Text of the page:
This product made me feel SO good.  Happy, vibrant, and alive.  Sadly, it made me break out in huge, cystic pimples, so I can’t take it anymore.  This isn’t the herb combo’s fault so much as the fault of my shoddy liver, and I still recommend it for those who do not have major issues with acne.  I’ve recommended it to others, and it hasn’t made anyone else break out.

Spring Dragon Longevity Tea





I’ve posted about this tea before, but it’s worth mentioning again.  It contains many of the ingredients in the Gaia formula, and unlike that, I don’t break out from it.  The gynostemma has a mildly euphoric effect on me, and the Chinese herbs give me smooth, clean energy.  One tea bag makes three cups of tea, and I drink 1-2 bags a day.  In the morning, I combine one tea bag, sometimes a  bag of liver detox tea also into a three-cup pot, and add one scoop d-ribose, 1 tbls coconut oil, and about 1/3 tsp stevia powder.  It’s delicious and got me off caffeine quickly; the only coffee I drink now is decaf.

CocoCeps





iHerb sent me a sample of CocoCeps with an order about six months ago, and it was the most effective marketing tool ever.  Figuring it would taste shroomy and gross, I was amazed that this product tasted like nothing more than cocoa powder.  Made of three simple ingredients- non-alkalized organic cocoa, reishi, and cordyceps- CocoCeps mixes fairly easily into any hot beverage (water, milk, etc), and tastes like a plain ole nice cup of cocoa.  It does need to be sweetened, which the package mentions.  It also contains 14 mg caffeine, so it isn’t suitable for those who can’t have caffeine.  14 mg is less than even green or white tea, so it’s a pretty minimal amount.  I drink this every morning with decaf and stevia, prior to my pot of Spring Dragon, and it makes for a super healthy, delicious mocha.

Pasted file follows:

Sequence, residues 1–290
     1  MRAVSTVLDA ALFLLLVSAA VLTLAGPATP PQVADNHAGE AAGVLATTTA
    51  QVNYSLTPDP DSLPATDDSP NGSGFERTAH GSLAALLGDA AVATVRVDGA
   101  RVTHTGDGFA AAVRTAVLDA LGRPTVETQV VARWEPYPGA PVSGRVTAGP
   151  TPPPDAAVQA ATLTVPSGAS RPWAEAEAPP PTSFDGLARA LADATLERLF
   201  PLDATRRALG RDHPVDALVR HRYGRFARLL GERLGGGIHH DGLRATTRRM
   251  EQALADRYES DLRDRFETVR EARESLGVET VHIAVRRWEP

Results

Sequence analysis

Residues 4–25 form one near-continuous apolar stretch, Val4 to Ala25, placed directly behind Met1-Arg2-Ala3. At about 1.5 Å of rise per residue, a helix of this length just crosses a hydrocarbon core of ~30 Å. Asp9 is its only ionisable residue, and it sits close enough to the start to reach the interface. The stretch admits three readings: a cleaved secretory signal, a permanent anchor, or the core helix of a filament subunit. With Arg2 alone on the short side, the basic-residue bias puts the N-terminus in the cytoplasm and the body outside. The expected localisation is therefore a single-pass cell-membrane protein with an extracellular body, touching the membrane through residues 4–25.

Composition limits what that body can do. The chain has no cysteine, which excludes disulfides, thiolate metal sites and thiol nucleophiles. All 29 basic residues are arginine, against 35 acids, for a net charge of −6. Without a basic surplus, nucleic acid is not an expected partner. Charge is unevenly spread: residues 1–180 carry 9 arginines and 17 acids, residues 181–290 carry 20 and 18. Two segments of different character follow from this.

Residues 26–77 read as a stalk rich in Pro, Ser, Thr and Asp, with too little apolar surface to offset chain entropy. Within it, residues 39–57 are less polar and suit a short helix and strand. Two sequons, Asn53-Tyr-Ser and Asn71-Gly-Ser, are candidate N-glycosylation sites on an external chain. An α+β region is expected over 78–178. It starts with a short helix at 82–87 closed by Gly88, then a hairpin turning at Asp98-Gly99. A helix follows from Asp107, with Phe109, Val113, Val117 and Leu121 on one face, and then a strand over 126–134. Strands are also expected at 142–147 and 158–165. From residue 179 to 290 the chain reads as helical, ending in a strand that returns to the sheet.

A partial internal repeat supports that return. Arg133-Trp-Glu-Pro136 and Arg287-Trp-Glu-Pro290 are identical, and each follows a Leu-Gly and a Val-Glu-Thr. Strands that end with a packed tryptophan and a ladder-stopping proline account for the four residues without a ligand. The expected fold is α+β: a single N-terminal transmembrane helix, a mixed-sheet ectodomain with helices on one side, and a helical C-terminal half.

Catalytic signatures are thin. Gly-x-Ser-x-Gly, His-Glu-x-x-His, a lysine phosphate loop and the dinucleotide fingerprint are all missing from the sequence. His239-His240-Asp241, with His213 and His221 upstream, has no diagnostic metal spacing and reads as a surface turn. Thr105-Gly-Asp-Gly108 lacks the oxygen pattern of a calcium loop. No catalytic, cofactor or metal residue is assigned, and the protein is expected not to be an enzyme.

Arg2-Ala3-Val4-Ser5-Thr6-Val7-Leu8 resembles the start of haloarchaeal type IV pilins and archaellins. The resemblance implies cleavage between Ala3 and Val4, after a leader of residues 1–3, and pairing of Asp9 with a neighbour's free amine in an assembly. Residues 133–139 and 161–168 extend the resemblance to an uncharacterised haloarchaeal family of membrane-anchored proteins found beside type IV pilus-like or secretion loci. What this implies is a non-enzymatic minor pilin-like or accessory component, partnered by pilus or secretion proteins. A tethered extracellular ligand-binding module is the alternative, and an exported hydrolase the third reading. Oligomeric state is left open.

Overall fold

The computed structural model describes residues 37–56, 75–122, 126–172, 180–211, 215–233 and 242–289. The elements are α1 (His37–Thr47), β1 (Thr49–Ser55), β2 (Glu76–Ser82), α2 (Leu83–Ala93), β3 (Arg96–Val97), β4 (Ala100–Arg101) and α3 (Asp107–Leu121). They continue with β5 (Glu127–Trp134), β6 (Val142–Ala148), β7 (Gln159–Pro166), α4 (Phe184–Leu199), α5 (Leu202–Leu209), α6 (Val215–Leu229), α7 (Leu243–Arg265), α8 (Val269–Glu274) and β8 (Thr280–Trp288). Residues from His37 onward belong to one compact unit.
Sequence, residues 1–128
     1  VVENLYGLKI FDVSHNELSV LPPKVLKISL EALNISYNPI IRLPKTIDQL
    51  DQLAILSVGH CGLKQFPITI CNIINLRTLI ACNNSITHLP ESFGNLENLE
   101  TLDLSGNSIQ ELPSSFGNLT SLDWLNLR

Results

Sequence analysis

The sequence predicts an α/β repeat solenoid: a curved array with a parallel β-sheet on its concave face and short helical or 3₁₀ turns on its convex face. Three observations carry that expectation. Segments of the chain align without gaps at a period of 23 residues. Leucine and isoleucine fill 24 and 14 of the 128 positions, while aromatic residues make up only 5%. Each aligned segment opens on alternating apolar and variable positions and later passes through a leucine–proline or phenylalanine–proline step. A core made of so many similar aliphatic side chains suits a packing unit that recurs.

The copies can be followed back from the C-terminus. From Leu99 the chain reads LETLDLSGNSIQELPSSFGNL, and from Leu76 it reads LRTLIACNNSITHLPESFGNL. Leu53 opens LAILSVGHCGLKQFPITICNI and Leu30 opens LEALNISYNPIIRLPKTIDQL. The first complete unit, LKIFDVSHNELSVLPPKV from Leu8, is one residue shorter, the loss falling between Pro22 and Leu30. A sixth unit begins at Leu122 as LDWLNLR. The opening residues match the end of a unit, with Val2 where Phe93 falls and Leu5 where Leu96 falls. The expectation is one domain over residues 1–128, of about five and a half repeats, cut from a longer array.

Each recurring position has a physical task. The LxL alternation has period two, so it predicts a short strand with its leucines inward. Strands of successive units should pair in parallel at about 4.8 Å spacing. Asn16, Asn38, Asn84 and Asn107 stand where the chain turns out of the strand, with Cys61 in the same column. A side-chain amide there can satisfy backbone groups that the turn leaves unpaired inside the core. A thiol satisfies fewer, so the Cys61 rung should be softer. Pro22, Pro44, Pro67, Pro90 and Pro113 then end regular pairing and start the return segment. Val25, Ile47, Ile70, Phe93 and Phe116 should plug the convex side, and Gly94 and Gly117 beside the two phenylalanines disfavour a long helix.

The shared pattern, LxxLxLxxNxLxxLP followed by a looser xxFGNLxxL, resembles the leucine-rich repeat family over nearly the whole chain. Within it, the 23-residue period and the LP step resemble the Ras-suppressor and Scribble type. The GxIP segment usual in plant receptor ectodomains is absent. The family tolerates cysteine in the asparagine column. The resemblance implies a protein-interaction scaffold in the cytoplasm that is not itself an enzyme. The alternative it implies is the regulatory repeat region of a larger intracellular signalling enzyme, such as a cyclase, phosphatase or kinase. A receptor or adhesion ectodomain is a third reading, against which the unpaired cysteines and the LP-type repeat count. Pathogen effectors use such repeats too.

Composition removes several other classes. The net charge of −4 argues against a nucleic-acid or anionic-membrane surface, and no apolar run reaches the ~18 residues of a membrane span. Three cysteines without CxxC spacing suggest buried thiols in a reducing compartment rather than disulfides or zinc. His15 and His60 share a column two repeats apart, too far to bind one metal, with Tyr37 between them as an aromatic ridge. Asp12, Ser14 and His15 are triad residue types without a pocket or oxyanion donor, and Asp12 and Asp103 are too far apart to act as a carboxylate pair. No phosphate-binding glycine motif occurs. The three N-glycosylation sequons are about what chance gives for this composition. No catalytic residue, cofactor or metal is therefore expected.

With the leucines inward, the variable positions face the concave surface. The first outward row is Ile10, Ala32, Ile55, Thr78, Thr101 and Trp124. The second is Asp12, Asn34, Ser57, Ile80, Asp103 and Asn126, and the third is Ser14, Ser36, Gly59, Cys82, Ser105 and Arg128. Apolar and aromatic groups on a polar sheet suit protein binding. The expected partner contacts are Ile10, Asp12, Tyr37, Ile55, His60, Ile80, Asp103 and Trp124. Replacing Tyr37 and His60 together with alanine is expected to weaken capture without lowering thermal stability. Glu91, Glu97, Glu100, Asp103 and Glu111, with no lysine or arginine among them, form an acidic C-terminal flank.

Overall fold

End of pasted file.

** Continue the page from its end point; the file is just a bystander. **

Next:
Rebounding 





I paid about $35 for my rebounder, which I chose based on the fact that it was foldable.  I envisioned a product that would be similar to something on the Jetsons, and go from the size of a car to that of a briefcase.  Alas, it was way more of a pain than that, and has stayed open the whole time I’ve owned it.  As you can see from the clickable link, jumping up and down like a kid on a little trampoline is very good for you, and the fact that you get twice the exercise minute-for-minute on a cellular level is an added bonus.  If I don’t feel up for much, I at least try to use it for a couple minutes, and I always feel better afterwards.  Generally I use it for 20-30 minutes, with 2 lb weights in each hand for half the time I’m on it.

E3Live





On the one hand, this stuff is really expensive pond scum.  On the other hand, it is one of the most concentrated phytonutrient sources on the planet, and it’s excellent for your health.  It also provides a solid boost of energy, and the one with “BrainOn” helps with clarity of thought.  I use this occasionally, one ounce a day in the morning after teas and before breakfast.  I tend to go through a full bottle in a short time, since it’s only good in the fridge for a week, then pause awhile before the next bottle.

Whether you are so fatigued that you can’t reach for the remote, or you just would like an extra competitive edge on life, I encourage you to try any of these products.  I know I wouldn’t be able to have written all this without them!